By: Monica Furlong


Random House Sprinters 1990

A middle grade fantasy review


The only child of a Cornish chieftan, Juniper’s lived all her life with wealth, community, and politics.  As a daughter instead of a son, will she be powerful enough to rule one day?  Will she marry?  Or was she meant to do something different?  When her godmother, the powerful witch Euny, calls her to study magic, Juniper does not know where it will take her.  Through unexpected hardships and hard-earned lessons, Juniper seeks to find her own way in life.  However, Cornwall contains evil sorcerers as well as dorans, and Juniper must use her knowledge to protect those she loves and discover who she should become.

Juniper is a gentle book, with strong themes that glide through everything and tie it all together.  It’s easy to read, with a rhythmic pace that invites you to keep going.  One feels that they are learning along with the heroine, becoming more in tune to some elements in the world.  This harmonic tone is the charm of this book.  As a prequel, it’s focus is on growth and coming-of-age, with small doses of action and only the potential for romance.  It paints the medieval world with a distinctive atmosphere and culture, without teaching or lengthy descriptions.  This book is perfect for a younger reader, easy to slip into and with plenty of room for readers to exercise their own imaginations, with enough supportive details to make the fantasy strong.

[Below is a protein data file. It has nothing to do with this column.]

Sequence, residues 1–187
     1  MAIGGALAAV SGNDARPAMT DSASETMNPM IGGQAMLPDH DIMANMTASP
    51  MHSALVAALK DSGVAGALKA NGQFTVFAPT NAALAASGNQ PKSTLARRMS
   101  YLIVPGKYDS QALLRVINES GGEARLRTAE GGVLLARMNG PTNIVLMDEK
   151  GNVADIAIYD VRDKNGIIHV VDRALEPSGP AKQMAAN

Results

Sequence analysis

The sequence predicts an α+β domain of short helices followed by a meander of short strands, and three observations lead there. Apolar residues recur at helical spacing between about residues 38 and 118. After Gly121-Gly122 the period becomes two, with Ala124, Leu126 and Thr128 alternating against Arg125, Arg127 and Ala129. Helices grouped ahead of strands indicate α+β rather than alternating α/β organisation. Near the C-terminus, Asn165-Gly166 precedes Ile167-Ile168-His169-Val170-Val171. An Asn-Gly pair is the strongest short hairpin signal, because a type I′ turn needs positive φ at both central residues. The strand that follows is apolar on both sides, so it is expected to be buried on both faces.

The only issue I had with this book is that, having finished it, I still feel estranged from the main character.  Perhaps it is because this is a prequel written after Juniper’s debut appearance and her personality is really established in that.  Let me be clear: I really like Juniper.  I want to feel close to her.  But, for some reason, she never fully clicked in my head.  I would read along, sympathizing with her struggles, feeling I was in her head, and then something would happen.  I had an emotional reaction, just as Juniper clearly had one.  Then, a couple of sentences later, the main emotion Juniper felt would be named.  I was almost always surprised.  Juniper became angry when I thought she was more upset or was ready to burst into tears when I thought she’d be fired up and angry.  This confuses me.  I’ve had characters I just didn’t connect to before, but even of those, never have I read someone who I simply couldn’t grasp.  Or rather, who constantly wriggled out of my grasp when I thought I knew who they were.  Coming from a work whose main message is the value of truly understanding things, this leaves me bemused.  On the other hand, this phenomenon turned the predictability of the middle-grade plot into something nice and reassuring instead of merely nostalgic.


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